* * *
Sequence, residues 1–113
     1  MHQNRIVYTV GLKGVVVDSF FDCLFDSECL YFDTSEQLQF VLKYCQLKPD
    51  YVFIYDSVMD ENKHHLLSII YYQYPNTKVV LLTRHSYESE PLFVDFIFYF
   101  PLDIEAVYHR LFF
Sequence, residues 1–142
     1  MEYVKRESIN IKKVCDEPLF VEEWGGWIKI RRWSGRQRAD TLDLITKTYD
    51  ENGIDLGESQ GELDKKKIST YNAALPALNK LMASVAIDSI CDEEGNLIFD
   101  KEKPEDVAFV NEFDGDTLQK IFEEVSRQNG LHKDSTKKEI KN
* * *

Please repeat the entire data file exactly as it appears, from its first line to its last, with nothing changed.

Sequence, residues 1–113
     1  MHQNRIVYTV GLKGVVVDSF FDCLFDSECL YFDTSEQLQF VLKYCQLKPD
    51  YVFIYDSVMD ENKHHLLSII YYQYPNTKVV LLTRHSYESE PLFVDFIFYF
   101  PLDIEAVYHR LFF
Sequence, residues 1–142
     1  MEYVKRESIN IKKVCDEPLF VEEWGGWIKI RRWSGRQRAD TLDLITKTYD
    51  ENGIDLGESQ GELDKKKIST YNAALPALNK LMASVAIDSI CDEEGNLIFD
   101  KEKPEDVAFV NEFDGDTLQK IFEEVSRQNG LHKDSTKKEI KN